One poor-performing retailer, Target, may have finally recognized the link between pay and profitability. In September 2017, Target announced an $11 hourly minimum wage and a plan to achieve $15 per hour by 2020. “This significant investment in its team will allow Target to continue to recruit and retain strong team members,” the company said. Target also promised to provide team members “the tools, training and support our team needs to build their skills, develop professionally and offer the service and expertise that set Target apart.”
The business press sometimes fixates on the “knock-down, drag out clash” developing as Amazon moves into brick and mortar while Walmart seeks a toehold in online shopping. But management must not ignore the competitive threat to Walmart’s core store-based business. If Target continues to modernize personnel practices, it will create a new risk for low road competitors like Walmart.
The sad irony for Walmart is that executives know they must change yet drag their feet. In a recent interview, Walmart U.S. CEO Greg Foran confessed that “the engagement of associates wasn’t where we need it to be” and that “we were having difficulty attracting the right talent to apply for jobs, let alone holding people for any length of time.” But he ended by making excuses for slow progress: “The single biggest challenge is ... that we're doing something on a scale most businesses don't have to deal with. Most major retailers -Costco, H·E· B, Food Lion - have 400 or 500 stores. We have almost 5,000. You can't underestimate what happens when you go up by a factor of 10.”
Shareholders can’t afford excuses. Especially in an election season when political leaders including Senators Cory Booker, Bob Casey and Tammy Baldwin are gearing to mount further pressure for market-wide change through a populist campaign to restrict buybacks or require a portion of the profits to go toward raising wages.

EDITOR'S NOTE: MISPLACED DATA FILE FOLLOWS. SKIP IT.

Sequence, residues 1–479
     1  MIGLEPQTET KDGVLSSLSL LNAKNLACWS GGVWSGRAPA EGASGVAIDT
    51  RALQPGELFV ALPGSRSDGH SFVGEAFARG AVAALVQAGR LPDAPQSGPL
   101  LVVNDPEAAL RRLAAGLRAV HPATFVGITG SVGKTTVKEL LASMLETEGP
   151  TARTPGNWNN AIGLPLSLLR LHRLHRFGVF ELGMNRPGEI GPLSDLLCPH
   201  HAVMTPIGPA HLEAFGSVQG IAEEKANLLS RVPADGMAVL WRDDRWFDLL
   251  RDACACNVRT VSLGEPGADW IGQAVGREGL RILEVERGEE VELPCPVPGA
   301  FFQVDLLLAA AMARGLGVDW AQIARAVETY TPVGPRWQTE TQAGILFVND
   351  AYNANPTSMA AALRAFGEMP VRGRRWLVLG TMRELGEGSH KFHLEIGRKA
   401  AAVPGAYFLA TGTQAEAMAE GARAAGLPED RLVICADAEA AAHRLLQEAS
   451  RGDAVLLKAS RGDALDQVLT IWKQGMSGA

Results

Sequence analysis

To salvage any hope for turning Walmart into a high performing company in today’s tight labor mark, shareholders must demand that their company rapidly ratchet up Foran’s promised reforms and turn high-turnover low wage associates into well-trained, well-compensated stakeholders.
Steve Askin earned an MBA in Accounting at Columbia University School of Business and a Certificate in Economic and Business Journalism at Columbia Journalism School. He recently retired from the Service Employees International Union, where he conducted and led corporate financial analysis projects. Before joining SEIU, he worked as a journalist. His report on global business and economic issues appeared in publications including Business Week, the Christian Science Monitor and Le Monde Diplomatique.
Eddie Iny is the Campaigns Director at the Organization United for Respect. He has worked as a corporate research analyst and organizer in the labor movement for over 20 years. Eddie has a masters degree in urban planning and a bachelor’s degree in geography, both from the University of California in Los Angeles.
 Costco 10K for year ended September 3, 2017, page 61.
 Steve Prokesch, “Q&A Greg Foran,” Harvard Business Review, January-February 2018.